Actually, the meal started with a statuesque hostess walking my date and me to an elevator and pressing the up arrow. And then we waited in silence together for literally three minutes. Manon is two stories, with a bar and booths on the ground floor and seating upstairs, but there is no grand staircase that I could see, and it's part of their gimmick, I suppose, that you're forced to wait for the one elevator to take you 20 feet in the air. The hostess sensed our unease and said, "Is this your first time?" I said, "Yes." That was it. Great chat! Beginning, middle, and an end. First time doing what? Eating at Manon? Going to a restaurant together? Taking an elevator? The way she asked was a little ominous, and as we stepped into the dark elevator I felt like I was back at Sleep No More, the crazy interactive MacBeth at the McKittrick Hotel. I was prepared for the doors to open and a nude man covered in leaves to reach into the elevator and pull my girlfriend onto a "secret floor" as the doors closed between us. Instead, the doors opened and we were seated in an empty dining room at 8:30 on a Thursday night.
The best part of Manon's decor is that each table has a tiny lamp and a little switch, and you can adjust its brightness, or turn it off. This was briefly very entertaining, until we settled on the second-dimmest setting and then watched our new neighbors get seated and go through their own personal lamp discovery process. It's fun when you are playing with your own lights but sort of annoying when the people eight inches away are doing it too. Is Manon the first restaurant to offer bespoke luminescence? Congratulations! Speaking of innovation, one of the specialty cocktails is called "Do What Thou Wilt" and its only description on the menu is "Do not order this." I asked the waiter about it and he said, "Yeah, don't get it." Why not? "It's like, really intense. It's got Fernet in it, and like coffee." Then why do you have it on the menu? "Because it's really out there, and has strong flavors." Okay. I ended up getting it at the end of my meal, and though I like Fernet, he was right. I guess I appreciate the restaurant's frankness in putting something gross on the menu and then instructing people not to order it because of how gross it is.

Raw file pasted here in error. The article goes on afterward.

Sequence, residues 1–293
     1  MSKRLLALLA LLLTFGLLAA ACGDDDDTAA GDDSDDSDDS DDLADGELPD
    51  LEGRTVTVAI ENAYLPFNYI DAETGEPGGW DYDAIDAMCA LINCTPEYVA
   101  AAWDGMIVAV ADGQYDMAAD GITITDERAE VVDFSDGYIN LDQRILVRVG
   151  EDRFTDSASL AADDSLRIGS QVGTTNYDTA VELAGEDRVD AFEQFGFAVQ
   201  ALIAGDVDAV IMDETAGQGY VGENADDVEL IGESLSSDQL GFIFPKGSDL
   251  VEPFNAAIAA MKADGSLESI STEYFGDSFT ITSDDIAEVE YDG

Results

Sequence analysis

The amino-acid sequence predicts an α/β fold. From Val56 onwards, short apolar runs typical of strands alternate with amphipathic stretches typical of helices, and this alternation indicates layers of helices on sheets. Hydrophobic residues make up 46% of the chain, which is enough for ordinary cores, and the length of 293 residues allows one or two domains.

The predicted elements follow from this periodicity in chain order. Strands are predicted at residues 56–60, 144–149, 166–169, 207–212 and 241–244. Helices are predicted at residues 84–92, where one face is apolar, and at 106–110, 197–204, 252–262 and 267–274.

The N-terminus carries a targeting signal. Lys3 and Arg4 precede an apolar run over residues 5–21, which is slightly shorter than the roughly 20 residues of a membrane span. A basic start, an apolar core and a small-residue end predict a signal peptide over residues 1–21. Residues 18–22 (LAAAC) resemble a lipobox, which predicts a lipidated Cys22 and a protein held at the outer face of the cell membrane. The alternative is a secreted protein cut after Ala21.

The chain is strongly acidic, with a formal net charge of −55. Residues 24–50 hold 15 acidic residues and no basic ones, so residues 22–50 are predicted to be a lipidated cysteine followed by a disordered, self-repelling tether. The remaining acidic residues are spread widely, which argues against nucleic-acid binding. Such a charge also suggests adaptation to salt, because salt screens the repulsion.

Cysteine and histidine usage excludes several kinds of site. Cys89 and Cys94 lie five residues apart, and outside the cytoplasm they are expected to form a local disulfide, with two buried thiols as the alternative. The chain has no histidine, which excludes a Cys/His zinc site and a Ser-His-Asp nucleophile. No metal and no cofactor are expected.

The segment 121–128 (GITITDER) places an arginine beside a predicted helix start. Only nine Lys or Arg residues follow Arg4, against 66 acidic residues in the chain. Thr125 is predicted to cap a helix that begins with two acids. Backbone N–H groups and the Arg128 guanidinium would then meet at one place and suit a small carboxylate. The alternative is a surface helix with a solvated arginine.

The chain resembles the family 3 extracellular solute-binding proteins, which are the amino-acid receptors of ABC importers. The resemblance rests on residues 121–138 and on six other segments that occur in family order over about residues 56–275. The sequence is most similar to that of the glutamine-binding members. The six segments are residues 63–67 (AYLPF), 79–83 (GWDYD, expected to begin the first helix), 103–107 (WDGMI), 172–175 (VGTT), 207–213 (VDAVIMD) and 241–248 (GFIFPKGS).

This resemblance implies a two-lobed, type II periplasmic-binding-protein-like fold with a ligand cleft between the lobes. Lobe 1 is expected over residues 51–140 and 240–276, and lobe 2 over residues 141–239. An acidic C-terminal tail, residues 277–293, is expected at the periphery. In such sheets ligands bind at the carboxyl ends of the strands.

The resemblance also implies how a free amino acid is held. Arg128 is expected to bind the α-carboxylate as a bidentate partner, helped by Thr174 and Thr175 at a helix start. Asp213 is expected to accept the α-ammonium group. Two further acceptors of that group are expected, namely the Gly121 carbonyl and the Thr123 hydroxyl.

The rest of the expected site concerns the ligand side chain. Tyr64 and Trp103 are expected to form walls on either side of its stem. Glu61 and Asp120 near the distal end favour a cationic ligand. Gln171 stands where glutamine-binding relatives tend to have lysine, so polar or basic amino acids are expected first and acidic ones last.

Our waiter was young and very nice, and he stressed again and again how things at the restaurant were "local" and "seasonal" and from "farms." All that is well and good but there was a whiff of "Can you even fucking believe it?" coming from both him and the menu, as if Manon is the first restaurant to realize you should serve tomatoes in August. But maybe it is novel and impressive to the people that dine at Manon. The waiter's suspenders and the brick on the walls and the cheeky cocktail program and everything else gave Manon the feeling that it was a Brooklyn restaurant transferred far west through a long game of telephone, and the photocopy of the photocopy leaves you with "Amish chicken breast purple monkey dishwasher."
I did improv comedy in college, and one time during a show someone yelled out "Fellini!" as a suggestion during a game. I said something like, "A dwarf in a clown costume!" and then did a cartwheel across the stage. I had never even seen a trailer for a Fellini film, but I felt dumb enough to try and do this bit because of a Fellini joke I'd seen on The Simpsons or something, and the audience was dumb and drunk enough to agree, incorrectly, that I'd just done a funny Fellini joke. That sloppy, uninformed agreement between performer and spectator seems to be kind of what Manon is going for.
Our cocktails were bad, the lamb loin was raw, the beef tartare was loaded with gristle, and the Korean chile paste thrown on top of the pork chop and cabbage was kind of embarrassing. The squid ink tagliatelle and the carrot cake dessert were pretty good.
Verdict: This place is a shitshow.
— Max Silvestri